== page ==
Politics A judge's Monsanto ruling affects both the law and the economy
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WASHINGTON (AP) — Justice Ruth Bader Ginsburg's death Friday, just six weeks before Election Day, is expected to unleash a pitched battle over whether President Donald Trump should nominate — and the Republican-led Senate should confirm — her successor, or whether the seat should remain vacant until the outcome of Trump’s race against Democrat Joe Biden is known. Trump had previously named more than 40 people he promised to choose from to fill a potential vacancy on the Supreme Court. The names of his first two nominees, Justice Neil Gorsuch and Justice Brett Kavanaugh, appeared on the lists before their nominations.
This week, Monsanto, an affiliate of Bayer AG - a German multinational life sciences company, and one of the largest pharmaceutical companies in the world -thousands of current U.S. lawsuits over its weed killer, Roundup. The settlements are with consumers who argue that the herbicide in Roundup, glyphosate, caused their non-Hodgkin's lymphoma cancer. Monsanto and Bayer maintain that the extensive body of science and regulatory approvals show there is no such causal link. And yet, at the same time, Monsanto is working to obtain approval for a class settlement of potential future claims. But U.S. District Judge Vince Chhabria of California's Northern District rejected Bayer's original request for a settlement.
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As a survivor of non-Hodgkin's lymphoma, I've taken a personal interest in this case. And when I served as U.S. ambassador to Germany from 2018 to 2020, I was proud to reiterate the United States's support of Bayer's facts-based position regarding the use of glyphosate.
As the Environmental Protection Agency (EPA) stated in an, EPA scientists performed an independent evaluation of available data since the International Agency for Research on Cancer's (IARC) classification to reexamine the carcinogenic potential of glyphosate. The scientists concluded that glyphosate is "not likely to be carcinogenic to humans." The EPA considered a more extensive dataset than IARC, including studies submitted to support the registration of glyphosate and studies identified by EPA in the open literature as part of a systematic review.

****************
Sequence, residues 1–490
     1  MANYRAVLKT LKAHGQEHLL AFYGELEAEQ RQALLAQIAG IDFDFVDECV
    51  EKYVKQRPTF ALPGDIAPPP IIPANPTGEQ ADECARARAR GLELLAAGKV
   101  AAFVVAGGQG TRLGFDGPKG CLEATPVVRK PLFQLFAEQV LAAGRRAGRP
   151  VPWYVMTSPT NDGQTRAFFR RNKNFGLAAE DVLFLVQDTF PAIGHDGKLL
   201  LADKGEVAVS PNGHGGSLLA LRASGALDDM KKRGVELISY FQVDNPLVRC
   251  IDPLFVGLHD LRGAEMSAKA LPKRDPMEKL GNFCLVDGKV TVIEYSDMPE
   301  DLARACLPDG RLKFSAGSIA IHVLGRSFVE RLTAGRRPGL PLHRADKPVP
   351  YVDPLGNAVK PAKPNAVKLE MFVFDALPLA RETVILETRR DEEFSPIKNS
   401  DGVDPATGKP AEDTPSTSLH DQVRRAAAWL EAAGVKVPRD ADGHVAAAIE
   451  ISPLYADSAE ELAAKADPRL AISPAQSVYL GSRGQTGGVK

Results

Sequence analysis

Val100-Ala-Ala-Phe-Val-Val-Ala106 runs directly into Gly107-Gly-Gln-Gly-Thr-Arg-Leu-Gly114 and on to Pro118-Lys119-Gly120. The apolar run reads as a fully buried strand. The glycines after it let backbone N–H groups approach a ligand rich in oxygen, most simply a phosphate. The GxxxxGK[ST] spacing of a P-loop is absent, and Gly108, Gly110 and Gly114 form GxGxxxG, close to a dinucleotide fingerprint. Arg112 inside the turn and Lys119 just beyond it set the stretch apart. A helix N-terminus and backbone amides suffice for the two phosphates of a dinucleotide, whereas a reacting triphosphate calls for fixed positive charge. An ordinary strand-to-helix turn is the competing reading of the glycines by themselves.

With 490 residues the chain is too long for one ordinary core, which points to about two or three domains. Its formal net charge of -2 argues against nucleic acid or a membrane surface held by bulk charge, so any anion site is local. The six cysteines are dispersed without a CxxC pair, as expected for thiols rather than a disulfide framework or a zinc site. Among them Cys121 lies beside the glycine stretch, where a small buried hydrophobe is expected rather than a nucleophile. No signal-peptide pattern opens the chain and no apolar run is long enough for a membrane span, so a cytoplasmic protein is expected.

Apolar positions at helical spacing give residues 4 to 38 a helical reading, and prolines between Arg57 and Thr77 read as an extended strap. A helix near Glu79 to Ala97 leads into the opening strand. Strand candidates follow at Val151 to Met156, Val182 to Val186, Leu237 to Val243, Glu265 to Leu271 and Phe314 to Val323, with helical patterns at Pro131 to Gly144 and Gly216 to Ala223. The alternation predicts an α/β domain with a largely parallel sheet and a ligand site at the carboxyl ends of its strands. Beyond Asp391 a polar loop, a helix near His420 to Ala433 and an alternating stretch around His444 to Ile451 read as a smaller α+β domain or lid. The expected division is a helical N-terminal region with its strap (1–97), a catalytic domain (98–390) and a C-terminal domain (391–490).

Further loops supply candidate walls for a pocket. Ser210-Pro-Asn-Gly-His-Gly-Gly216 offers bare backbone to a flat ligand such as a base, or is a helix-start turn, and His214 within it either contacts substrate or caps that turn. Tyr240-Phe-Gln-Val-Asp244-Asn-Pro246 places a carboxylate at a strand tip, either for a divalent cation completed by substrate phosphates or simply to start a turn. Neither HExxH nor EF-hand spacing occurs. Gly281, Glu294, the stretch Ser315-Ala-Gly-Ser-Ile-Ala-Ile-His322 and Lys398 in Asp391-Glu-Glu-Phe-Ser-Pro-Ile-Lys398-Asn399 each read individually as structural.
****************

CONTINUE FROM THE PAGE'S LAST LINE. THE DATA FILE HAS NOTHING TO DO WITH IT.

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Given the EPA's determination that glyphosate is "not likely to be carcinogenic to humans," the agency then concluded that the Californiawarning language placed on the herbicide constituted a false and misleading statement. The EPA said it could no longer approve labeling like the kind done in California, because it included false warnings against products containing glyphosate. This was science-based public policymaking at its best: A decision on the safety of food and agricultural products was made with data and science - not emotion or political activism.
So why would Judge Chhabria, without citing any evidence to the contrary, decide to overturn this fact-based decision from the U.S. government? Because of politics.
Chhabria's ruling sets a harmful precedent. His opinions are akin to the kind of system we see in China, where facts are routinely ignored so that powerful patrons of a political party can benefit. As a diplomat in Europe, I regularly argued that European business leaders should invest more in the United States and avoid dealing with a Chinese system where rules-based, fact-based decisions are obsolete. European and other foreign businesses have to be reassured that they will get fair, rules-based and data-based hearings in American courts, without interference by judicial or political activism.
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Tort reform would go a long way toward getting rid of popular emotion in judicial rulings. But even if progress is made on tort litigation, judges will remain the ultimate trustees of the integrity of the U.S. justice system, and it is up to them to protect the rightful place of evidence and data at the center of rulings.
The biggest beneficiaries of political rulings like those given by Judge Chhabria are, of course, the litigators who give generously to Chhabria's Democratic Party. The lawyers representing customers who argue, against the evidence, that glyphosate is carcinogenic to humans are making off handsomely; they can ignore science, play on emotion, and count their cash. As a cancer survivor, I cannot stand to see the endless advertisements running on cable news trolling other survivors of non-Hodgkin's lymphoma to join their class-action lawsuit. It is not only unscientific, it is offensive and immoral.
The more district court judges prove they cannot be trusted to protect the integrity of evidence-based rulings, the more politicians and the Department of Justice will start getting involved. That is not a situation that a healthy democracy with the rule of law should want to see. Nor will it bode well for the ability of the U.S. economy to attract foreign direct investment, on which Americans rely heavily for job creation.
If Judge Chhabria has evidence about glyphosate that contradicts the government's sound research and conclusions, he should produce it immediately. If not, he should throw out the Bayer lawsuits completely, rather than send the case to a jury. At stake is more than just the fortunes of lawyers and consumers of Roundup: It is the integrity of the U.S. courts and the ability to keep our economy strong.
is a senior fellow of Carnegie Mellon University's . He is a senior adviser on LGBT outreach to the Republican National Committee. He served more than 10 years in the U.S. Department of State, including as U.S. ambassador to Germany, 2018-2020, and as a spokesman at the United Nations, and served briefly as acting director of national intelligence (DNI).
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